Thyroid Response to Procedure-related Stress

Thyroid hormones (T4 and T3) increase the metabolic rate, promote thermoregulation and calorigenesis, and stimulate oxygen consumption; they also increase the number and affinity of β-adrenergic receptors in the myocardium and increase the sensitivity of the heart to epinephrine. During surgical stress, T3 concentration is inversely related to both circulating epinephrine and cortisol concentrations; consequently, perioperatively thyroid hormone production is reduced.1-3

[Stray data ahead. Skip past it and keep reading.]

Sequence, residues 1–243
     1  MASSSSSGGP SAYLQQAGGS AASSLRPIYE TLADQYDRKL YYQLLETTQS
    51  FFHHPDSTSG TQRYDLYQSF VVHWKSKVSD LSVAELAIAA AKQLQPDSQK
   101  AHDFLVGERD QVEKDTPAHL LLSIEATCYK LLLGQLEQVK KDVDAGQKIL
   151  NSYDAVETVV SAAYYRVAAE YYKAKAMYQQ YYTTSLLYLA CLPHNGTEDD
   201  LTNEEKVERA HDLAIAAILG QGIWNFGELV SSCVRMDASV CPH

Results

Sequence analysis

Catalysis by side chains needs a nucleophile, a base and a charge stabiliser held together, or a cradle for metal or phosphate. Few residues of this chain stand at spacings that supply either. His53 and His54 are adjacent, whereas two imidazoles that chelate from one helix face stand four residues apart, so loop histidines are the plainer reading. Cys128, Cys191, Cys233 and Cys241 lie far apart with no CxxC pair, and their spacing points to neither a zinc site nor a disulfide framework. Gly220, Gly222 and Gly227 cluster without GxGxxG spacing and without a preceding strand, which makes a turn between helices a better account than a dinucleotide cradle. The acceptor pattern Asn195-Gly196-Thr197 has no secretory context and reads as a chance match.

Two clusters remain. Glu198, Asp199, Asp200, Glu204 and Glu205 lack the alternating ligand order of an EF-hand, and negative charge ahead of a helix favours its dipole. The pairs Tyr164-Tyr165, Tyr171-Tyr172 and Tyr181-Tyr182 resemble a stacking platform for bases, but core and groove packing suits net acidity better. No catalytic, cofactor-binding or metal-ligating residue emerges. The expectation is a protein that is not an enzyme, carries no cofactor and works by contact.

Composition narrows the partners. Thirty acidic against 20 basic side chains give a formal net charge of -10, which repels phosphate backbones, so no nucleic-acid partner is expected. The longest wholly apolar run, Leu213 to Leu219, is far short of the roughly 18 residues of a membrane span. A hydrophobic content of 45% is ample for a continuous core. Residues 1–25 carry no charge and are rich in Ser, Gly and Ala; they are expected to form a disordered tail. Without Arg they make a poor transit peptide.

Two prospective surveys over a 10-year period, involving 4,309 dentists, documented a total of 30,602 medical emergencies of which only four were diagnosed as thyroid storms.10 These cases most likely were the results of hormone-drug interaction; i.e., high circulating thyroid hormone levels as a result of undiagnosed or inadequately treated hyperthyroidism, or over treated hypothyroidism) augmented the physiologic effect of epinephrine in the local anesthetic.